Glover Park
Glover Park Neighborhood Profile
Glover Park neighborhood residents take pride in the peaceful, laid back vibe and unity of their neighborhood. It’s an urban suburb ringed by parkland, filled with single family homes and a bustling little downtown.
Getting Around in Glover Park.
Glover Park is a very walkable neighborhood with a WalkScore of 76. Glover Park offers good public transportation with a TransitScore of 54, and is bikeable with a BikeScore of 62.

Metro Station

There is no Metro station in Glover Park.


About 11 Bus Lines run through Glover Park.


There are 3 Capital Bikeshare stations in Glover Park.


ZipCar has 4 locations in Glover Park.

Charming rowhouses + lush greenery create an idyllic background for life in the Glover Park neighborhood.
Take Spot on a relaxing evening exerciser. Sow seeds in the community garden. Savor barbecue at Rocklands. Build a fort in the backyard. Hum with the ‘Sounding of the Colors’ from the Naval Observatory synchronized to the Master Clock. Run errands on Wisconsin Ave. Sip a pint at the Mad Fox Brewing Company. Buy a raffle ticket at the festival on Glover Park Day. Snag that hard-to-find bottle of bourbon at Pearson’s. Select omelet ingredients at the farmer’s market. Hike a trail through Glover Archbold Park. Put on your old jersey and whack fly balls across Stoddert Field. Bring someone special to toss them back, ’cause Glover Park is all about engagement.
Glover Park Schools

Stoddert Elementary

Public • Grades PK-5

381 students • 15 student/teacher

Hardy Middle School

Public • Grades 6-8

371 students • 12 student/teacher

Wilson High School

Public • Grades 9-12

1696 students • 14 student/teacher

For a full, updated list of schools, see EBIS. School data from SchoolDigger
Glover Park History
The eastern part of the Glover Park neighborhood began as a northern extension of Georgetown. It was primarily used for butchering and market gardening. The western portion of the neighborhood originated as an estate owned by butcher Henry Kengla, c. 1911. Charles C Glover purchased the property from Kengla. Glover Park’s residential development began in earnest in the early 1920’s, which is when it was given its name.
The eastern part of Glover Park falls within the northern extension of Georgetown. The earliest record of the settlement of what is now known as Glover Park is folded into Georgetown records. According to Glover Park historian Carlton Fletcher; “Peter Colter, a German immigrant, and Murray Barker, a free black man, appear in Georgetown tax assessments between 1808 and 1810. Colter and Barker raised families along what is now Wisconsin Avenue, in the village of Wilberforce, a long-forgotten subdivision of Georgetown, and both supported themselves, in part, by growing produce for the local market. For a newly arrived immigrant, or a newly freed slave, with only a small amount of land to work with, market gardening made sense. In general, the early population of upper Georgetown consisted of native-born whites (quite often from Pennsylvania), immigrants (from Germany and Ireland), and African Americans (both free and slave).”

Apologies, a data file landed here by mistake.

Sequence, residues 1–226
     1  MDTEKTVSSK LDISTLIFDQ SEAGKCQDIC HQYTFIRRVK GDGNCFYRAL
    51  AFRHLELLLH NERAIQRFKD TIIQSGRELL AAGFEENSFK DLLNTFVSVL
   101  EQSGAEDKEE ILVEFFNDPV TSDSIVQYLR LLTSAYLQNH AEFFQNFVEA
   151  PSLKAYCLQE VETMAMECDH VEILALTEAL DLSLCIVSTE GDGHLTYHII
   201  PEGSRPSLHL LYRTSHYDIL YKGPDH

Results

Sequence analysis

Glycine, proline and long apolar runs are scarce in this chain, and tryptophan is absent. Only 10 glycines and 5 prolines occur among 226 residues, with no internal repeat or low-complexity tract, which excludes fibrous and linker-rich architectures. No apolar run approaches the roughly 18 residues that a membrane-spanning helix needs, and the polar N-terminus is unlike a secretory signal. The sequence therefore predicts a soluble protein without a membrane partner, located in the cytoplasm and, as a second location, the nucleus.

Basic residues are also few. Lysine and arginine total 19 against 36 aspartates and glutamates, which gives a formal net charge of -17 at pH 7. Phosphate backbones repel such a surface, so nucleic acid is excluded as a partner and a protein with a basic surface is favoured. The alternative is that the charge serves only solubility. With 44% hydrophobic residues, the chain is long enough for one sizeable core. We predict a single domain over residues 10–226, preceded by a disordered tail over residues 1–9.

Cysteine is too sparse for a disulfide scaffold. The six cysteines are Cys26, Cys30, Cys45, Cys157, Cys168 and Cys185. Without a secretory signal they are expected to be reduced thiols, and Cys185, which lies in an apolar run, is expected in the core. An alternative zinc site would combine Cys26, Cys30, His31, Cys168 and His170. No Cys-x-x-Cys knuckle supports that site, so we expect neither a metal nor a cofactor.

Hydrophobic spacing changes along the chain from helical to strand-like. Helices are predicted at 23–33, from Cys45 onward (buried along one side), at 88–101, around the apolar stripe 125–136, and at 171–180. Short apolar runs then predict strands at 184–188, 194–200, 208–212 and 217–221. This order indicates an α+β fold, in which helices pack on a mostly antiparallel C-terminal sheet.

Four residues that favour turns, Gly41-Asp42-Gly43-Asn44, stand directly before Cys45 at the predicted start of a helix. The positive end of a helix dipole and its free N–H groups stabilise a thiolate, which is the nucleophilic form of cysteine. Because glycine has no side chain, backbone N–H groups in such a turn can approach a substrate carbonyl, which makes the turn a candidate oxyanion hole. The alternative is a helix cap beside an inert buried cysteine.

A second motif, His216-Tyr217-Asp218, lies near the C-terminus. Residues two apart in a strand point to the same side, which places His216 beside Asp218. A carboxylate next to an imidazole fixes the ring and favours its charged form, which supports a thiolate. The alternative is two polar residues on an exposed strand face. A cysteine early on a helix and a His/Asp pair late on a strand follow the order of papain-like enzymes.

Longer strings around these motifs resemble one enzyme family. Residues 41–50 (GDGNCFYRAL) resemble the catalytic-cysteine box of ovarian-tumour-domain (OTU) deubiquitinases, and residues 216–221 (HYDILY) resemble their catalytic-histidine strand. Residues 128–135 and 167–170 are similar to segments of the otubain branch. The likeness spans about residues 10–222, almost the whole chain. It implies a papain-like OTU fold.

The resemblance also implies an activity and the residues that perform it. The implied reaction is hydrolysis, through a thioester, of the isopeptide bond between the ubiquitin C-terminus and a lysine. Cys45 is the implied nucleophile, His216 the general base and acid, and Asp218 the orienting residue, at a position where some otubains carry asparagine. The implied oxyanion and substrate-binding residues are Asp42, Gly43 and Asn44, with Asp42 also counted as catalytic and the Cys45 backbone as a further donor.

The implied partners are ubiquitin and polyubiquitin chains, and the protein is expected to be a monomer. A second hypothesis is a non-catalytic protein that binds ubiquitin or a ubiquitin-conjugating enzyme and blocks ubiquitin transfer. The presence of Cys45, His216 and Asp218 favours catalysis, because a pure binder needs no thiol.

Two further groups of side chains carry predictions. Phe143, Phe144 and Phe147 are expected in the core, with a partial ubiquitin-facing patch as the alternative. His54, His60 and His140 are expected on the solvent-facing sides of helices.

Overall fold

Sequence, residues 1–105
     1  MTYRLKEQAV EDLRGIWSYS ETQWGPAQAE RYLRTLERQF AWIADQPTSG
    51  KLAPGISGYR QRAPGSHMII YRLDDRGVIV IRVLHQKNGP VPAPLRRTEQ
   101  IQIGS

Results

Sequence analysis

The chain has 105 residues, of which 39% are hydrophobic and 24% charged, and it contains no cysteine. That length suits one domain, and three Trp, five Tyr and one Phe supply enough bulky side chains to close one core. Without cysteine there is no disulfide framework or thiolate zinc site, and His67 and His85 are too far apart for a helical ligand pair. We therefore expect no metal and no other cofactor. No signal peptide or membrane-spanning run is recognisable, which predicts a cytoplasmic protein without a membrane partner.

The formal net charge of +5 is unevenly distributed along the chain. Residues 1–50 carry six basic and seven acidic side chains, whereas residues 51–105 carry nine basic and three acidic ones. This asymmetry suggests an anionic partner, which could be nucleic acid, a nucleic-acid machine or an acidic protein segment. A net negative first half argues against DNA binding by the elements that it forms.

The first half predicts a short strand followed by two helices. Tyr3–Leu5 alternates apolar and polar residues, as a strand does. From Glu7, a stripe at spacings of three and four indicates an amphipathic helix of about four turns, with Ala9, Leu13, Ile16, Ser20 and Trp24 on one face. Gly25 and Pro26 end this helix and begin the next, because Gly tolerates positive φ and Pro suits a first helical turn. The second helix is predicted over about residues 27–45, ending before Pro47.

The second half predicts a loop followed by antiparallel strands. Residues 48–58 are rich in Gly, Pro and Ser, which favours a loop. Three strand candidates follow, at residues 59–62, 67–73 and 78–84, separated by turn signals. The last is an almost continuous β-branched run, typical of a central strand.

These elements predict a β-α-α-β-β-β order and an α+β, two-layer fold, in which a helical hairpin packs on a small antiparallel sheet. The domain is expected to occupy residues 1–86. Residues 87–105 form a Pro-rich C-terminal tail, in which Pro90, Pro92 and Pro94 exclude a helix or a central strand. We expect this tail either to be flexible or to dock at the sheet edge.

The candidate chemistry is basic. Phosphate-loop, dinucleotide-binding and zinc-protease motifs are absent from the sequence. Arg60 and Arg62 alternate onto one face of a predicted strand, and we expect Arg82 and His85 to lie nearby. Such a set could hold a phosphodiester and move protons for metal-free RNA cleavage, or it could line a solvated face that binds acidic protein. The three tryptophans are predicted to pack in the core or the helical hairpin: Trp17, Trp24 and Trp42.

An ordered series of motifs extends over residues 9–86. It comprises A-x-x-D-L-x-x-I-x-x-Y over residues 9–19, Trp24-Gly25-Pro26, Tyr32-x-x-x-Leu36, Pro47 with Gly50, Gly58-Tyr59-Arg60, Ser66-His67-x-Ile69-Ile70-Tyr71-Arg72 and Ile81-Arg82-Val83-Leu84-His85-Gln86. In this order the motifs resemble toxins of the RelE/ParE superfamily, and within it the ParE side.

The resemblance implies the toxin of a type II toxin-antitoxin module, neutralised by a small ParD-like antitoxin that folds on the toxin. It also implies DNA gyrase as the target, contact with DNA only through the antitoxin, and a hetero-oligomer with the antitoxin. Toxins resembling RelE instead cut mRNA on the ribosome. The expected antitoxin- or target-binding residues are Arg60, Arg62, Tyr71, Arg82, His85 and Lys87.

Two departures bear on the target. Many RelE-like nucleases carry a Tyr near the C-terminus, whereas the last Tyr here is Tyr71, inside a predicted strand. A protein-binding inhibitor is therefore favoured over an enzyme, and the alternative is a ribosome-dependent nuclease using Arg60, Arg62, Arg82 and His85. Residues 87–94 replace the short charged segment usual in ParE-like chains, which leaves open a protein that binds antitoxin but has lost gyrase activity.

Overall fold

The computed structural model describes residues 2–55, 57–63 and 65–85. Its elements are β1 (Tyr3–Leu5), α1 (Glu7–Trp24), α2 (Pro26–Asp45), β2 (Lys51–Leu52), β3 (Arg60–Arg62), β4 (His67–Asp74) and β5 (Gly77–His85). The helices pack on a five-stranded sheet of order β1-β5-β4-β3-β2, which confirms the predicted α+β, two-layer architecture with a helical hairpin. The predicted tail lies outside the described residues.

Glover Park, west of Huidekoper Place, evolved from Salop, a 17th century land grantThe portion east of Huidekoper Place grew from Salcom, later dubbed “Knave’s Disappointment.”  This parcel was incorporated into the 1769 Beatty and Hawkins’ Addition to Georgetown, expanding Georgetown by 300 lots. Of those, the 50 lots on either side of Wisconsin Avenue, from R Street north to Davis Street, and west to Huidekoper Place, made up the northern extension of the corporation of Georgetown.
The Russian Embassy sits on “Mount Alto” on Wisconsin Avenue in the Glover Park neighborhood, constructed on property leased to the Soviet government for 85 years as part of an agreement between the Soviet Union and USA, concluded in 1969. A 1972 agreement guaranteed equal territory in Moscow to the US for a new embassy with the same terms, and stipulated that occupation would commence simultaneously. Soviet architect Michael Posokhin designed the building. Posokhin also designed the State Kremlin Palace among other notable buildings in Moscow. The residential building, school, kindergarten and sports fields were completed in 1979, administrative and ceremonial buildings in 1985. Most interesting, the late 1980s, the FBI and the NSA built a tunnel under the compound for espionage purposes in the late 1980’s, but it was never successfully utilized due to Robert Hanssen disclosing the information to the KGB. Hanssen is a former FBI agent who spied for Soviet and Russian intelligence services against the United States for 22 years, from 1979 to 2001.
Sources: Glover Park History; Wikipedia
Neighborhood information on this site is believed to be accurate but not guaranteed. Subject to change without notice.